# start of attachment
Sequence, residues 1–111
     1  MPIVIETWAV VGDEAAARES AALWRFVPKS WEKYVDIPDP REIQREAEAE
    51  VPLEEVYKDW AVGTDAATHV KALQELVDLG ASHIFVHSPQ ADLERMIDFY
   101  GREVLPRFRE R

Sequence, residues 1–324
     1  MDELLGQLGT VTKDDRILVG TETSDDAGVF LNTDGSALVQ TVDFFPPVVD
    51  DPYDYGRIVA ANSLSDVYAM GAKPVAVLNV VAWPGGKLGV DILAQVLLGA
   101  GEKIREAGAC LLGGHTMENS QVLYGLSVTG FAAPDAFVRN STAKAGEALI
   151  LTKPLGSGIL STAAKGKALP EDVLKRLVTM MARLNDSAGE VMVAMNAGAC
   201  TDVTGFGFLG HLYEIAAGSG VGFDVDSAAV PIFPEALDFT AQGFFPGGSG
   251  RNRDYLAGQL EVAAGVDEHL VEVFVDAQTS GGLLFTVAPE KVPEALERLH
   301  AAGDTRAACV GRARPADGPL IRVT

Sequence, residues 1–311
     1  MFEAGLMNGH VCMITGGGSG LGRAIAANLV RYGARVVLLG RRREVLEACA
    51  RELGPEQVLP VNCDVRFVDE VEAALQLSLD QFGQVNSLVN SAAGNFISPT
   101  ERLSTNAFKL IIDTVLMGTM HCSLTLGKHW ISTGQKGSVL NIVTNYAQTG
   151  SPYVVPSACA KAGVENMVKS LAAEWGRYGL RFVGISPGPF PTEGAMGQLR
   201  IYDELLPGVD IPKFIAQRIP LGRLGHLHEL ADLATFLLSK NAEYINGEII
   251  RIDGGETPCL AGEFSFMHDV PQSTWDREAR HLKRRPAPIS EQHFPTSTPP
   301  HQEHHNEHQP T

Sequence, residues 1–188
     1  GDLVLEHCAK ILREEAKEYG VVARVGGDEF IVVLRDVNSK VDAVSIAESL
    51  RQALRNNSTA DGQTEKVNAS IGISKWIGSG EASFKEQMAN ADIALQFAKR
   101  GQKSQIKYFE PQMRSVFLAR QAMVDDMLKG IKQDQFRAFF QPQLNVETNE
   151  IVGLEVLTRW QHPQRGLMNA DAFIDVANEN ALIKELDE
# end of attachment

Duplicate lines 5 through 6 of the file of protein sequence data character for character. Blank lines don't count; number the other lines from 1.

Sequence, residues 1–324
     1  MDELLGQLGT VTKDDRILVG TETSDDAGVF LNTDGSALVQ TVDFFPPVVD